One thing which I can tell you right now: Both hosts have their advantages and disadvantaged, and you should pick one based on your requirements. If you need to host a low traffic WordPress site, you should pick WPEngine. However, if you need to host a high traffic site with optimum performance, then pick Kinsta.
In the below few paragraphs, I have compared both hosting companies based on various parameters. You should pay close attention in order to make a well-informed decision when deciding between Kinsta and WPEngine.
Note: Since managed WordPress hosting is not cheap, you need to make sure that you really know why you want to choose a managed WordPress host over a cheaper (and usually suitable) other options. Making atheright decision at this point will ensure proper growth infrastructure for your WordPress site.
Kinsta vs. WPEngine: A detailed comparison
Before we move ahead, let’s quickly mention some of the similar features offered by WPEngine and Kinsta hosting:
- Managed WordPress hosting environment
- Free SSL certificate
- Custom SSL certificate support
- Staging site feature
- PHP 7 ready
But apart from these basic things, there are a lot of differences…
The first thing that really matters in a managed WordPress host is the support quality.
This is one reason a user like you and me will end up paying such a hefty amount every month for hosting our websites.
WPEngine and Kinsta both offer 24/7 customer support, but the difference here is in the level of support they offer.
- The entire Kinsta support team is made up of WordPress experts who will resolve your issues instantly.
- WPEngine’s support team has a mixture of WordPress experts and entry-level technicians.
In WPEngine, basic issues are usually taken care of easily. However, for any issues which are complex, a resolution will take some time and there will be a lot of back and forth. This is a problem when you are running a high-end WordPress site and there is a pressing issue that needs to be handled quickly.
If you wish to get started with managed WordPress hosting, WPEngine offers a low budget, entry-level package (Personal plan) at $29/month. However, the Personal plan doesn’t really give you a lot of the benefits of WPEngine’s main features.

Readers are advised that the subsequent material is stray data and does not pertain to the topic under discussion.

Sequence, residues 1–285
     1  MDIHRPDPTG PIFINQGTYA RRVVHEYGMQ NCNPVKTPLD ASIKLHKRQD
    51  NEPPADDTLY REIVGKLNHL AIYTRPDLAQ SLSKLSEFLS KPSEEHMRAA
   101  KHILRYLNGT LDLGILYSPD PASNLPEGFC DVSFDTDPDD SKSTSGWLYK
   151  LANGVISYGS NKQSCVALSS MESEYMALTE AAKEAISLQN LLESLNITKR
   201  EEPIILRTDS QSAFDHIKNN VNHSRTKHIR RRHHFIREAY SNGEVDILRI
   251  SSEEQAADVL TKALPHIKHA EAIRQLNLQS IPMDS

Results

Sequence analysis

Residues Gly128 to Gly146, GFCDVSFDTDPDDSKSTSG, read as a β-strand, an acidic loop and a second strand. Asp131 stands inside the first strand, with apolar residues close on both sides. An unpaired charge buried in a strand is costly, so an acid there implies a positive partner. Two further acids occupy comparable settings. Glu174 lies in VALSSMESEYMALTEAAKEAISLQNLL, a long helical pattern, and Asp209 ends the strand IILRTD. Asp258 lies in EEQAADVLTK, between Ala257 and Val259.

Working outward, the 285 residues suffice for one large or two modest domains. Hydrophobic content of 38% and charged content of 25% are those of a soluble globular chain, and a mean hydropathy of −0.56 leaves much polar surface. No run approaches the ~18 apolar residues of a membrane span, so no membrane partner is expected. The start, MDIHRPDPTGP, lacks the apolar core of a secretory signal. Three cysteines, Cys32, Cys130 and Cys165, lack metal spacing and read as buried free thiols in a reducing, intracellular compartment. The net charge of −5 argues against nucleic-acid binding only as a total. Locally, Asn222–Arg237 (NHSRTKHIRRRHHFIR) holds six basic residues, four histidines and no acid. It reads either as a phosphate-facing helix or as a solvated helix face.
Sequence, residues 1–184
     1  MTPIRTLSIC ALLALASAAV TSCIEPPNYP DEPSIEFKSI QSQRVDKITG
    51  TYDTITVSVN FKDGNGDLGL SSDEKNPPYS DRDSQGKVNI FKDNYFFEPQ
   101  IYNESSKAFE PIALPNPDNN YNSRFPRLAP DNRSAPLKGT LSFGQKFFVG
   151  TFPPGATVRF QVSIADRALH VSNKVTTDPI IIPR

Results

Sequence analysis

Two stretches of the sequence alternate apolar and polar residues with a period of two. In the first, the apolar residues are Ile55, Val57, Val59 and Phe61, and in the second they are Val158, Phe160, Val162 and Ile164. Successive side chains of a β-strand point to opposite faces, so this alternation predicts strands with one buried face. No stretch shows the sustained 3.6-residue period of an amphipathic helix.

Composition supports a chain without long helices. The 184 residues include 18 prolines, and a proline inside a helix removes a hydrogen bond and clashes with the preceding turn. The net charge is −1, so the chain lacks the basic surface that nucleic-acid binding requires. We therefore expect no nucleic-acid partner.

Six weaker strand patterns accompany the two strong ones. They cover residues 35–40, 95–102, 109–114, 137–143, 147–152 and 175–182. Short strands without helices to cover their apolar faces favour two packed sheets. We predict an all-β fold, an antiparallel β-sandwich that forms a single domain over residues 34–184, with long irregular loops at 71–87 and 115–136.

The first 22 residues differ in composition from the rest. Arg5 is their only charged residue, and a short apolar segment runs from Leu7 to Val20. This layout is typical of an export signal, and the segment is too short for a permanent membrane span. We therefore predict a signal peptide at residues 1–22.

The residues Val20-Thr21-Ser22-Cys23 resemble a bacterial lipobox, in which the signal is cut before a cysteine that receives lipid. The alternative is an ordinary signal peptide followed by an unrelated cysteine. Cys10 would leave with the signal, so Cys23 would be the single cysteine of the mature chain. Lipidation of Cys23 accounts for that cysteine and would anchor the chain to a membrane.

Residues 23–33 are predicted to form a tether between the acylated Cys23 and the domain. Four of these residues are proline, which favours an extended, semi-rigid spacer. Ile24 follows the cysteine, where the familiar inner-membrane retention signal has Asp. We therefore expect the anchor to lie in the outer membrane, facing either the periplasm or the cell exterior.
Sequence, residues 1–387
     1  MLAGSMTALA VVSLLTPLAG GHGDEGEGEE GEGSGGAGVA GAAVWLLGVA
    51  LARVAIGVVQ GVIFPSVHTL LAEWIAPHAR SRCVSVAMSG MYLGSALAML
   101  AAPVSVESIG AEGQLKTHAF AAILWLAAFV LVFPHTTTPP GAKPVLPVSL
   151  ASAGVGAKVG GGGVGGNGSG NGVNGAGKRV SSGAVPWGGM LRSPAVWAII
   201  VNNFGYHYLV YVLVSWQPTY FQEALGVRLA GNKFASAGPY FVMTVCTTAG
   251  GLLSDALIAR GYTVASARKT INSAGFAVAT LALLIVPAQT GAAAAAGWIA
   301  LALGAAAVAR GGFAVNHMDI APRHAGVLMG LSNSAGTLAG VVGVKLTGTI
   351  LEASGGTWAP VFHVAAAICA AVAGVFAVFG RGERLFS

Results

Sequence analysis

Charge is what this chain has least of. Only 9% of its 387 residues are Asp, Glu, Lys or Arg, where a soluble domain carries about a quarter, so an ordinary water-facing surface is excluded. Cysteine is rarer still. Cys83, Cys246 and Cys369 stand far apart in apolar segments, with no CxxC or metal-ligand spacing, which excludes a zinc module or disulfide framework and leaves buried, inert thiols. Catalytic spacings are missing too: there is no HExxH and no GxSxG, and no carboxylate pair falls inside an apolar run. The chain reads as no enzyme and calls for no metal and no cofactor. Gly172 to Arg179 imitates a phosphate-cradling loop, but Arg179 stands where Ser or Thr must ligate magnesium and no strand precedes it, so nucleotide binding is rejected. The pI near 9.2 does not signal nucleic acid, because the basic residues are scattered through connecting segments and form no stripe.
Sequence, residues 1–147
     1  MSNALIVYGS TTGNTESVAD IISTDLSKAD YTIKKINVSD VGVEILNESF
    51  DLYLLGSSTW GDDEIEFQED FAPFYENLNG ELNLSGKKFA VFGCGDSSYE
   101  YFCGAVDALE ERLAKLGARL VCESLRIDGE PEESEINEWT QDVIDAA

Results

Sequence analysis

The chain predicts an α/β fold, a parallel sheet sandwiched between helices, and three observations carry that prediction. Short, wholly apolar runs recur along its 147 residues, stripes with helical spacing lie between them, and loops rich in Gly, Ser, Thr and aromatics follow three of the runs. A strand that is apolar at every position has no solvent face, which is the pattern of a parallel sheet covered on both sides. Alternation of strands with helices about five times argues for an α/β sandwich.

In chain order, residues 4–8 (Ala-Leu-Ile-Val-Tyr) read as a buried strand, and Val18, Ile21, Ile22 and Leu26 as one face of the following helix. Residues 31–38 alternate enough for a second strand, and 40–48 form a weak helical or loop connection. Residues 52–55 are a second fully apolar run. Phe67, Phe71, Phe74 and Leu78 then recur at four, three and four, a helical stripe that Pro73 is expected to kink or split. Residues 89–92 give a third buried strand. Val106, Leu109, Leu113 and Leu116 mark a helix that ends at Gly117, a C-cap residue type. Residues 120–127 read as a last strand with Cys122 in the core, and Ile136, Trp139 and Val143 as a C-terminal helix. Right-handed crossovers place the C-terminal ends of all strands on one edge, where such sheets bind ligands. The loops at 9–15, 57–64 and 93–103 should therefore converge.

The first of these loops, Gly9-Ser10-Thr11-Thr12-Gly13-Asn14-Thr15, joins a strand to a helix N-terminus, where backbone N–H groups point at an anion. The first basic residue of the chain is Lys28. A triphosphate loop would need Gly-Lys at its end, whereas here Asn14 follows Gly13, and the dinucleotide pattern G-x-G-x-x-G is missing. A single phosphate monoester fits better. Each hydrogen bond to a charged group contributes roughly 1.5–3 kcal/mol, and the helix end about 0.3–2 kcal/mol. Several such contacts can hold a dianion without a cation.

For example, the support is even more limited and advanced features (like CDN) are not included. This plan is more of a marketing ploy to get people using WPEngine so they can be upsold later to a more expensive plan.
A better comparison happens when we compare the Professional plan of WPEngine (at $99/month) and the Business 1 plan of Kinsta (at $100/month).
Here are the pricing plans for WPEngine:
One pretty cutting-edge thing with WPEngine is the GeoIP feature which allows you to personalize content based on geographical location. But this is only offered to Business plan users and above.
Check out all of the pricing options for WPEngine here.
Here are the pricing charts for entry-level packages from Kinsta:
The biggest differences between the Business plans in Kinsta are the amount of sites you can host with one account and the amount of storage and bandwidth.
If you plan to host more than 20 WordPress sites and need more PHP workers, you should look to Kinsta’s Enterprise packages.
You can check out all Kinsta packages here.
WPEngine $115 plan offers 100K visits/month, and based on how they calculate a “visit”, you will likely go over that quota. When you do, you will have to pay a significant “overage” fee.
Similarly, Kinsta offers 100k visits in their $100/month plan. However, I still recommend you use CloudFlare (free to get started) when using either WPEngine or Kinsta hosting.
Also, the $100 Kinsta plan allows for 5 WordPress site, while the $115 WPEngine plan allows for 5.
Another notable difference between WPEngine and Kinsta is free migration.
Depending upon your plan, with Kinsta, you get a limited number of free migrations and then have to pay $100 for each additional migration. The migration will be done by Kinsta team and usually they finish it within 24-48 hours after you created a ticket for migration. The process of requesting a migration on Kinsta is smooth and professional.
WPEngine doesn’t offer free migrations and charges $99 for every site migration. They do offer a DIY tool that you can use if you know how to do technical things; otherwise, you will need to pay them to migrate your site.